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Article
August 26, 1911

MICROSCOPIC DIAGNOSIS OF RABIES: A MODIFICATION OF VAN GIESON'S METHOD FOR STAINING THE CHARACTERISTIC NERVE CELL INCLUSIONS

Author Affiliations

Director Pasteur Institute of Virginia; Associate Professor of Histology and Embryology, University College of Medicine RICHMOND, VA.

JAMA. 1911;LVII(9):735. doi:10.1001/jama.1911.04260080299018

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Abstract

For several years, in the laboratory of the Pasteur Institute of Virginia, a modification of Van Gieson's well-known method of staining for the diagnosis of rabies has been practiced. It consists essentially in the use of acetone as a solvent for rosanilin in the place of alcohol. When the solution of rosanilin in acetone is diluted with water, the stain yields itself so readily to the affinity of the cell inclusions that heat is unnecessary, as when alcohol is employed, and the inclusions are quickly tinted a brilliant rose-red color.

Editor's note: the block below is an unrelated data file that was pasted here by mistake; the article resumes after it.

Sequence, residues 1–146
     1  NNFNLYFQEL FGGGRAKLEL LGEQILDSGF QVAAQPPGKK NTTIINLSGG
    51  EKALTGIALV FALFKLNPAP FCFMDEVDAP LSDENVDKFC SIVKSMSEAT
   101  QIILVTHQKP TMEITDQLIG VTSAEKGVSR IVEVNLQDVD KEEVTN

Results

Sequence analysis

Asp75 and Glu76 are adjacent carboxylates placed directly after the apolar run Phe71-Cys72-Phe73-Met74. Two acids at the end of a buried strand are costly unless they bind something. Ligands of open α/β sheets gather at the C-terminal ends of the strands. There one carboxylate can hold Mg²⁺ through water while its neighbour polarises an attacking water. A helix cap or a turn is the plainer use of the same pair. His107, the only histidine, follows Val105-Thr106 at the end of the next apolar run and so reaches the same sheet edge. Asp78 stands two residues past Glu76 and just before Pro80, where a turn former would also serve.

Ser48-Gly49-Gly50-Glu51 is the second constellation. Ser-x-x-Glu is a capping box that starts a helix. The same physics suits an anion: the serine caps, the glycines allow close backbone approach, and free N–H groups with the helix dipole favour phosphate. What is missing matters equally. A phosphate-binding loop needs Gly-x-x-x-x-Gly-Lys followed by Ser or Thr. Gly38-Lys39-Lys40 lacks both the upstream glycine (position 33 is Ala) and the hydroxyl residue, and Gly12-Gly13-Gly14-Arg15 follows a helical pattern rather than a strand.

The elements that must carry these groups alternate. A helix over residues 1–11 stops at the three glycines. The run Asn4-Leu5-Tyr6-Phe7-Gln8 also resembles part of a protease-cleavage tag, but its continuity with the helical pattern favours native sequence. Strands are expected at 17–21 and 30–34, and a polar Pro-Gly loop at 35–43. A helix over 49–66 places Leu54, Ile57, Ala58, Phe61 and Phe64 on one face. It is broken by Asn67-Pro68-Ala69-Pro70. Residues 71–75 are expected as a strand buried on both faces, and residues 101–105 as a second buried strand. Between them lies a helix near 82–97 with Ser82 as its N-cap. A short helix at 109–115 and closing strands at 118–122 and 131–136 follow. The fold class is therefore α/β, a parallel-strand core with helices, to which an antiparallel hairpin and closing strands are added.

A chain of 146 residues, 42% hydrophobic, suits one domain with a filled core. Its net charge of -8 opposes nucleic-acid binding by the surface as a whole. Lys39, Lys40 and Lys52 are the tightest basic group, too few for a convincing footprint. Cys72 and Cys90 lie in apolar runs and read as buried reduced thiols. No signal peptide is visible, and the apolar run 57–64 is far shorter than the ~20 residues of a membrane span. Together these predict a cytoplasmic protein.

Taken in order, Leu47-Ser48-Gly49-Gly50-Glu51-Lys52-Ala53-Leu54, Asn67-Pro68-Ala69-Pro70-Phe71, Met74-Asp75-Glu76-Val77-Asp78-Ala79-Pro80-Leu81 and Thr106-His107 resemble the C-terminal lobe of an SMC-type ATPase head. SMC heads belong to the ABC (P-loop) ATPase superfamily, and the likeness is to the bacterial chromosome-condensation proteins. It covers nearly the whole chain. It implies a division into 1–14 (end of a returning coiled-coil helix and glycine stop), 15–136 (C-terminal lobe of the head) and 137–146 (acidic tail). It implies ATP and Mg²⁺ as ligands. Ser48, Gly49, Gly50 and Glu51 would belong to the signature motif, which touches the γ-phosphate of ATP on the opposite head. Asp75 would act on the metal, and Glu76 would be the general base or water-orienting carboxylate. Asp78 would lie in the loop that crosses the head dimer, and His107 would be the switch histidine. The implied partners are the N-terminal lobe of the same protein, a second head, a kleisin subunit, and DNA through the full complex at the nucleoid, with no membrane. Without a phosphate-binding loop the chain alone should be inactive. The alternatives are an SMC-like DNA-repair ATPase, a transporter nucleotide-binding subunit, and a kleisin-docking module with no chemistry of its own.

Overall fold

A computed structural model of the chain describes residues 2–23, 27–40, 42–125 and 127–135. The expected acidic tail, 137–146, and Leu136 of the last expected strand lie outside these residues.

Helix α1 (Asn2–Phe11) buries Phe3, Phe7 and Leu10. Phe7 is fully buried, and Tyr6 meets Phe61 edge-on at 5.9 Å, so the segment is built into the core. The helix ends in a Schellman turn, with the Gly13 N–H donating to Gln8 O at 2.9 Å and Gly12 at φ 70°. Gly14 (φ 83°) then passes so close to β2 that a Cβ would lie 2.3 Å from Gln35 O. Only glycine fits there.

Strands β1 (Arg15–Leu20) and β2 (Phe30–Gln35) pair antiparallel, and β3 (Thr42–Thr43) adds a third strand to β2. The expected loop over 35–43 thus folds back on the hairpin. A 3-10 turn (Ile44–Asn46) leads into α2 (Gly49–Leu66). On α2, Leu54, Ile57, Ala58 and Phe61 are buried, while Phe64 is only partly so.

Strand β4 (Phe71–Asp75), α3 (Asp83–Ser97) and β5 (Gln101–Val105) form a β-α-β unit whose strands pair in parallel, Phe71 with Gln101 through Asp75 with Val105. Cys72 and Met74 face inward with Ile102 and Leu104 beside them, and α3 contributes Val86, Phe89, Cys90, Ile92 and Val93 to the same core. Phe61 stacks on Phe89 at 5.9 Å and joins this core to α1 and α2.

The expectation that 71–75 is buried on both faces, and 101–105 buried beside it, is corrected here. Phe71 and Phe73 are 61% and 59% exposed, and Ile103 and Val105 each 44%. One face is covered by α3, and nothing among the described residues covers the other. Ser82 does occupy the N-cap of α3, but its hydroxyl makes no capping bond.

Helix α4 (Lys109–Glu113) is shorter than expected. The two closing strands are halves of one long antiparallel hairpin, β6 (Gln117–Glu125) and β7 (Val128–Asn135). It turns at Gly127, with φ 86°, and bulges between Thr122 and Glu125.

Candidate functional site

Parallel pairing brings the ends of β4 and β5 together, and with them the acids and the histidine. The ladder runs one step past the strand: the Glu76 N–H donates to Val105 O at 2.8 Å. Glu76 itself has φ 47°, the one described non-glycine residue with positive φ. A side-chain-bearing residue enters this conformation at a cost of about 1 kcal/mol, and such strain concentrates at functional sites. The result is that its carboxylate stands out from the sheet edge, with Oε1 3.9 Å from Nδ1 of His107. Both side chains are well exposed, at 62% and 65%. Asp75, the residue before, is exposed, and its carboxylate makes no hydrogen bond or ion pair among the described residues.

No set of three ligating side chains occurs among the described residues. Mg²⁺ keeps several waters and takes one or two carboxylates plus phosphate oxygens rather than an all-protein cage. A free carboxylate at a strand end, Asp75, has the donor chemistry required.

Furthermore, the stain may be very quickly prepared, should no fresh solution be at hand, rosanilin being extremely soluble in acetone. Nor is it necessary to wait till the solution becomes saturated, though it is preferable to keep such a solution on hand if the stain is used often. The concentrated solution is more stable than that in alcohol, and

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